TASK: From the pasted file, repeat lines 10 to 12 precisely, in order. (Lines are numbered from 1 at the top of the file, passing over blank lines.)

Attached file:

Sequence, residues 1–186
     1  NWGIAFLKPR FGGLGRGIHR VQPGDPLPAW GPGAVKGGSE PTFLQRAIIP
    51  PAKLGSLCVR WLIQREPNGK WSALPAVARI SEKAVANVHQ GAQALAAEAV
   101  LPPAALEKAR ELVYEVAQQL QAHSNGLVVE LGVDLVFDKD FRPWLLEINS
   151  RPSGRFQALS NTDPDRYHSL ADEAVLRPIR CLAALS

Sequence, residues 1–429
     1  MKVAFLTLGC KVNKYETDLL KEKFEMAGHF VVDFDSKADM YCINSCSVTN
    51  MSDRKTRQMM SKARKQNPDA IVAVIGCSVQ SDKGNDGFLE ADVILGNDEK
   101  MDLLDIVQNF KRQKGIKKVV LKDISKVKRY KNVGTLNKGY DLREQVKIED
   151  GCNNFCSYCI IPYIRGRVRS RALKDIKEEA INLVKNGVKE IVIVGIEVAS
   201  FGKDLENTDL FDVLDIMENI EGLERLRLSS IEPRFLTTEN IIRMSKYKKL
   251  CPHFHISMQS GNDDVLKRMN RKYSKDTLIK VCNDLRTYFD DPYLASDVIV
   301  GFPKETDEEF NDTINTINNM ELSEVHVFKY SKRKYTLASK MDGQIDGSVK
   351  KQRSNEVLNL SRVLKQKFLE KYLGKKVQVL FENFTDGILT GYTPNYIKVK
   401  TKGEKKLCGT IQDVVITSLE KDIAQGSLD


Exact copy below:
   151  GCNNFCSYCI IPYIRGRVRS RALKDIKEEA INLVKNGVKE IVIVGIEVAS
   201  FGKDLENTDL FDVLDIMENI EGLERLRLSS IEPRFLTTEN IIRMSKYKKL
   251  CPHFHISMQS GNDDVLKRMN RKYSKDTLIK VCNDLRTYFD DPYLASDVIV